Dear Future Self

I remember when my mother was alive. Everything seemed so perfect. We were a happy family.  All you could hear was laughing, smiling and cheering… Until one day.

I did an exam to get to the  boarding school of my dreams; I practised diligently for this exams – I spent hours and hours of maths, science and literature. As I sat back on day we of the results, the happiness and joy I had soaked rapidly into my bones. I remembered how much I wanted this. I firmly closed my hands, imagining myself passing the exams and the outcome. “What will my parents do? Will I ever see  my sister again? Will I ever see my friends again?” I repeatedly asked myself. I knew I needed to relax but I just couldn’t until after the results. There was no turning back – I had to see whether I have passed or not. I just had to!

They were giving out the papers… I first saw all the people who didn’t pass:

“James Edward

Nick Fost

Amy Thompson…”

My name wasn’t there. “Could this mean?” I asked myself excitedly, “Yes it is!”

I passed. I ran straight to my mum, hugging her and telling about the great news. Her face lit up, I felt like was in Heaven.

5 months later, that’s when it happened. It was the day, we were told my mum has cancer – breast cancer. I didn’t know what to do. All I could do was to look after her. From the day we knew about my mum’s cancer, I always looked after her.  I made sure she was happy. Whenever I looked at her, I always tried to smile at her and tell her that everything was fine but deep, inside my heart, I knew that everything was never going to be fine. I loved my mum very much. She wasn’t just my mother, she was my sister and best friend.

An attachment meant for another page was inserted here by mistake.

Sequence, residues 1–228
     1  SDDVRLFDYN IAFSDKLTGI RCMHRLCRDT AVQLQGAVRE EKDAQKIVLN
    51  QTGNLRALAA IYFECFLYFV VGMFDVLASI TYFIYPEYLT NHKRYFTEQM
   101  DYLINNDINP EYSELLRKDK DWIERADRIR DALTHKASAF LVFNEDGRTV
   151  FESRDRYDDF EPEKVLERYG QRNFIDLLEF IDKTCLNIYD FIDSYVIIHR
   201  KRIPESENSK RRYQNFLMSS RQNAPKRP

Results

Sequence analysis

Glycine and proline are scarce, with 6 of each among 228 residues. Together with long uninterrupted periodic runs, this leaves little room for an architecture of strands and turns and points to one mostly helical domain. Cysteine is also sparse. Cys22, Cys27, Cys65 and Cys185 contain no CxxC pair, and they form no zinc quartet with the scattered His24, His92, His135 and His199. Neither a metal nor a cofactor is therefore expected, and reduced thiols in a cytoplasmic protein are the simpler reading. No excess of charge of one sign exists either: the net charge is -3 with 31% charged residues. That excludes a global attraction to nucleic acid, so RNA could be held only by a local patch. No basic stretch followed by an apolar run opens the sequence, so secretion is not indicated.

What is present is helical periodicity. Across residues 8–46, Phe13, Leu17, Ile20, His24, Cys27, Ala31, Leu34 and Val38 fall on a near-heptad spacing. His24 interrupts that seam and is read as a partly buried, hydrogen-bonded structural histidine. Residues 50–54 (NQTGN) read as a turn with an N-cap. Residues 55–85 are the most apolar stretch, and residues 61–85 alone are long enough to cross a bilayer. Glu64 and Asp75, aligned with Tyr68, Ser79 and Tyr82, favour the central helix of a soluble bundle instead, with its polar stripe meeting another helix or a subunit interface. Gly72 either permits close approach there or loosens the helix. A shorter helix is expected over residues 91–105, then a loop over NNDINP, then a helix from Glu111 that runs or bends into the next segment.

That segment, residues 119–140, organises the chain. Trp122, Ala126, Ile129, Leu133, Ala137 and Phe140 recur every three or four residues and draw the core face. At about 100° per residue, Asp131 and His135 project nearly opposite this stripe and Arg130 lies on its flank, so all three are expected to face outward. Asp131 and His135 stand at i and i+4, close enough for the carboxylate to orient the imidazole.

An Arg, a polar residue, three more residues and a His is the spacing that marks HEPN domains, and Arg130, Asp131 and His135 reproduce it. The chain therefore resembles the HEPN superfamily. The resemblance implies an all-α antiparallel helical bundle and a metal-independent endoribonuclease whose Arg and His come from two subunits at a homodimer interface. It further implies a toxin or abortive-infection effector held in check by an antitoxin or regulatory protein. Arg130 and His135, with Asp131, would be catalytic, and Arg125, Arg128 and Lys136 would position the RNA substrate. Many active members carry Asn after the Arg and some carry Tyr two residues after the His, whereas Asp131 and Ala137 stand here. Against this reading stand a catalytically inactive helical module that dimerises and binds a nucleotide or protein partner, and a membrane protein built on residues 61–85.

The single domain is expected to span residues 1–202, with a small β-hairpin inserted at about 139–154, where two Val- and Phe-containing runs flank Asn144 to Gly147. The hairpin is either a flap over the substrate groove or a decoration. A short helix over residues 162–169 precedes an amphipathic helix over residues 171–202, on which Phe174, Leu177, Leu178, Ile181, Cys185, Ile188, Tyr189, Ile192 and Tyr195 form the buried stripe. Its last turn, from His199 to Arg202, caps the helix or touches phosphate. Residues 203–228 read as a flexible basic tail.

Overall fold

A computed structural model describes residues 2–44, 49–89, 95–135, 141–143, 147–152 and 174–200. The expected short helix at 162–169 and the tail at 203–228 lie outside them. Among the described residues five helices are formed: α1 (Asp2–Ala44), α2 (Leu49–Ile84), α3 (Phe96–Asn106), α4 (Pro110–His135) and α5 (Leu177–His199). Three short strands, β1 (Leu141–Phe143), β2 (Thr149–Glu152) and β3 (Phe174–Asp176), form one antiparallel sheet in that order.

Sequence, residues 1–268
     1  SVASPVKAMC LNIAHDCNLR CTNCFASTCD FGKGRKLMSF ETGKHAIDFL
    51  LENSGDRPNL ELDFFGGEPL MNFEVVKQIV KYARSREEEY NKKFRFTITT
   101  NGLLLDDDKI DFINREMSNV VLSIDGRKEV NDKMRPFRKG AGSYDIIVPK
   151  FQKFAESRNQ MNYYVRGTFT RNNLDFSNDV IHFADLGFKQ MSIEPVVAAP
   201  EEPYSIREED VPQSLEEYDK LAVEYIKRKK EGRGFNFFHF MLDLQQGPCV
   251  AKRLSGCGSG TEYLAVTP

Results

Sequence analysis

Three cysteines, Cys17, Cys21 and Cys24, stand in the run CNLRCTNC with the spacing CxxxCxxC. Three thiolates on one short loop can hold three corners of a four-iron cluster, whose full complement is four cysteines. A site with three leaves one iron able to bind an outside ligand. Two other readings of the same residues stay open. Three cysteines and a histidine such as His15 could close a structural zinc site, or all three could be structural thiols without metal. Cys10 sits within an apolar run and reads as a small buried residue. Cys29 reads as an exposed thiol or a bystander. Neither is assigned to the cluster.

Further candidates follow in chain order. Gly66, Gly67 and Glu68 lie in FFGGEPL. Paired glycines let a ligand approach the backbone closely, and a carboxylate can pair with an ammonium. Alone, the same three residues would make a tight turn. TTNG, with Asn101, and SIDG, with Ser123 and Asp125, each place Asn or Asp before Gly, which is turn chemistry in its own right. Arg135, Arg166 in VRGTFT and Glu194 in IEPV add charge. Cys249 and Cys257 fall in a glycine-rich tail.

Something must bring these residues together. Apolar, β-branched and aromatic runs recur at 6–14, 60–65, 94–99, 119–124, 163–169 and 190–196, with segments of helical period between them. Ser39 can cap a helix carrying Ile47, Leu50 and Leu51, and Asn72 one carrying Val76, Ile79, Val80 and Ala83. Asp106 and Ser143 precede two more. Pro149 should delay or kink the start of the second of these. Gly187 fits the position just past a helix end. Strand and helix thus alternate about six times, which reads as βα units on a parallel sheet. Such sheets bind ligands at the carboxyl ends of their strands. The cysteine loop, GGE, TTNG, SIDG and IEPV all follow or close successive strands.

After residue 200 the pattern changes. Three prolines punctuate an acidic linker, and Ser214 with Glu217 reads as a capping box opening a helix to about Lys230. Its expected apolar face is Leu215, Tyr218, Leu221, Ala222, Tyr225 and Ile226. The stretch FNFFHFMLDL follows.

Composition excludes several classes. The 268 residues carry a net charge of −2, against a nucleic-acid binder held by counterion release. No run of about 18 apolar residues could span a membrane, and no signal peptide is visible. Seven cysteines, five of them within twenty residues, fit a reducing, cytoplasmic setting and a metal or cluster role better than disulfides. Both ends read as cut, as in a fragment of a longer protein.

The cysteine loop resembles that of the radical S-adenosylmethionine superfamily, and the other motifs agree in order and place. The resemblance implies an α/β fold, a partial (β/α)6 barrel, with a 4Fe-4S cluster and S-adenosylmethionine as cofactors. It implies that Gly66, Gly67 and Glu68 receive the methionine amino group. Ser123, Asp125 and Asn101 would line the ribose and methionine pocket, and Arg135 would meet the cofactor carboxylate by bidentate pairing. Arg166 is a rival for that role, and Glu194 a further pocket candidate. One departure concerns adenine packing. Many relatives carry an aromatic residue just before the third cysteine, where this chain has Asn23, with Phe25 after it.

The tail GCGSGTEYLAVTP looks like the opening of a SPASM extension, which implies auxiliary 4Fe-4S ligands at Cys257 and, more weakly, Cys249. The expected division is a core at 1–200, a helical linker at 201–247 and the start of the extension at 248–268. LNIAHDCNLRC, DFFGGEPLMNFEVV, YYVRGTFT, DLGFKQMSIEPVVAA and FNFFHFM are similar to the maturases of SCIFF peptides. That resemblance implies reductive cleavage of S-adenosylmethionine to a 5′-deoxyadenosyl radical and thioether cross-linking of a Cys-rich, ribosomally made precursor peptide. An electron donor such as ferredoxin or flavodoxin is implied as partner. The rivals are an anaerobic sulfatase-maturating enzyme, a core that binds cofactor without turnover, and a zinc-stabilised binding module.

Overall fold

One night, I was back from my friend’s house and my dad was watching a film with my sister,  I heard my mum crying in her bed. I dropped all my bags and rushed to her room, seeing her crying and coughing so hard. She was reassuring me that she was fine but we could both see that she wasn’t. I called 999, texted my dad and my sister as quickly as possible. Then I heard my mum say:

“Amber, your such a beautiful girl and you should always know that! I know you have been thinking about not going to your dream school but I am saying you should. This is the school you have dreamed of since you were 5, Amber! Don’t throw it away!”

Her voice began to fade, “You have to promise me to not envy  anyone and always have a good heart and…”

The ambulance arrived  along with my dad and sister, Emily. I couldn’t stop sobbing. No one could. It was my fault for not coming home earlier. It was my fault for not staying at home.

“Amber I am very proud of you to take action and look after your poor mother,” my dad said.

We arrived at the hospital waiting for the doctors to tell us the good news (well that’s what I hoped). We waited for 10 minutes – 30 minutes- 1 hour.

“I am very sorry but Mrs Anderson is dead,” sighed the doctor. Floods of tears scurried out like a waterfall. I’d lost my mother. MY MOTHER. We did everything together. What was I going to do without her?

From the day of my mother’s death, I sat in the shadows.